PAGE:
Long Day’s Journey Into Night (Bi Gan, 2018)
Thinking of a series of dreams
Where the time and the tempo fly
And there’s no exit in any direction
‘Cept the one that you can’t see with your eyes
Wasn’t making any great connection
Wasn’t falling for any intricate scheme
Nothing that would pass inspection
Just thinking of a series of dreams
With just two features and while not yet at 30 years of age, Chinese director Bi Gan is laying claim to being his generation’s finest director of sleepy cinema, following in the footsteps of Apichatpong Weerasethakul, Tsai Ming-liang, and Andrei Tarkovsky. These influences are on full display in Long Day’s Journey Into Night, which has picked up raves and accolades at every stop along the festival circuit since it debuted at Cannes this past spring, and which comes to the Alamo Drafthouse in Austin, Texas on November 12th courtesy of the Austin Asian American Film Festival. As a bigger-budgeted companion to his first feature, 2015’s acclaimed Kaili Blues, Journey replays much of that film’s approach and structure: a dreamy, fragmented opening half of mystery and tragedy set in the director’s hometown Kaili, followed by a full-fledged descent into dream in the second half, filmed in an audaciously long sequence shot. Journey has better technology (the hour long shot is in 3D, though the rest of the film is not) and bigger stars (Tang Wei and Sylvia Chang), but the idea is basically the same. It’s the Evil Dead II to Kaili Blues’s Evil Dead.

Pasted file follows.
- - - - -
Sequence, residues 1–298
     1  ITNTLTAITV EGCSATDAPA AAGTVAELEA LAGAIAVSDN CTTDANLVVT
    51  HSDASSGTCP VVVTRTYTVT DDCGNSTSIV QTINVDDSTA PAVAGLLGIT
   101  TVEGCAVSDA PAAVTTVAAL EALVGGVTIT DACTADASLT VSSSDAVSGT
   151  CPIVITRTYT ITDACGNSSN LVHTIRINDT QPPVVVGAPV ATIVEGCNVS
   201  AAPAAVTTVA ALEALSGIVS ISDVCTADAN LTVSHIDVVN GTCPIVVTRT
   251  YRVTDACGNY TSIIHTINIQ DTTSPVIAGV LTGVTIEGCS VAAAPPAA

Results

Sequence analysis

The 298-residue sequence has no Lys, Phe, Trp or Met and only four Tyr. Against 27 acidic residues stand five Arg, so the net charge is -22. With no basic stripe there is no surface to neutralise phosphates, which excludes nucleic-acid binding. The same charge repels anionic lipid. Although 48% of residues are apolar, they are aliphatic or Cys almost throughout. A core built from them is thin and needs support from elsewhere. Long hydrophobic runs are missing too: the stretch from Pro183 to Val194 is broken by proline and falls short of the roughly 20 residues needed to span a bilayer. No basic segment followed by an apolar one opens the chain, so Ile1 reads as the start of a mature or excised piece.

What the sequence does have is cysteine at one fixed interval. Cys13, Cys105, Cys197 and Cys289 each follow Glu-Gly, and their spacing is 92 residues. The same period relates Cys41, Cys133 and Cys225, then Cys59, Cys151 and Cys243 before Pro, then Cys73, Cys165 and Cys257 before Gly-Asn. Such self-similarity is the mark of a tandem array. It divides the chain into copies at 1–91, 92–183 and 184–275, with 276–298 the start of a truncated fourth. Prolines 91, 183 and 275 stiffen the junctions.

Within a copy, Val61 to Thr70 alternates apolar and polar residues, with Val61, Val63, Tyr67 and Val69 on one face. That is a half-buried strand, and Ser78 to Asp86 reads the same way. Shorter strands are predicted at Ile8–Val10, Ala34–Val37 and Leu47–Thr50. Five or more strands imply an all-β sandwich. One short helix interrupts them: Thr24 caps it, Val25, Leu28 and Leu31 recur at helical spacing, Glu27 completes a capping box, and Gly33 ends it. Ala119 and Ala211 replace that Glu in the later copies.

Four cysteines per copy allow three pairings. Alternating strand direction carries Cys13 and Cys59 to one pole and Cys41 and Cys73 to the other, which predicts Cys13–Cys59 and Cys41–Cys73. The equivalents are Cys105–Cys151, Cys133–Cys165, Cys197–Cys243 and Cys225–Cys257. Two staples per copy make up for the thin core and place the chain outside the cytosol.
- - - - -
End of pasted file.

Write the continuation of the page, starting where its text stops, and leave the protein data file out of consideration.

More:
That’s not to say the films are identical. Kaili Blues was about an ex-con who now works as an assistant to a doctor and may or may not be a poet (recitations from his poetry book, called “Roadside Picnic”, fill interstitial moments in the story). The first half of the film concerns his, and our, discovery of various tragedies in the past and present: the doctor’s lost lover and dead son, the poet’s dead mother and wife and missing nephew. Certain objects and images take on totemic significance: clocks and watches, trains, a disco ball. In the second half of the film, he sets out to find his nephew but wakes up into a kind of a dream, a forty-five minute or so handheld long take that tracks his journey around a village that straddles a river. It’s a run-down and quiet place, dominated by dilapidated brick and concrete structures, where the poet meets various young people, one of whom may be his grown-up nephew, another who may be his wife, while another may be the doctor’s boyfriend. The disparate details of the ambiguous, apparently directionless first half coalesce into a beguiling journey through space and time in the second. It’s a debut remarkable for not just its boldness—lots of young directors try the long-shot gimmick—but for its assured sense of place, narrative control, and visual specificity.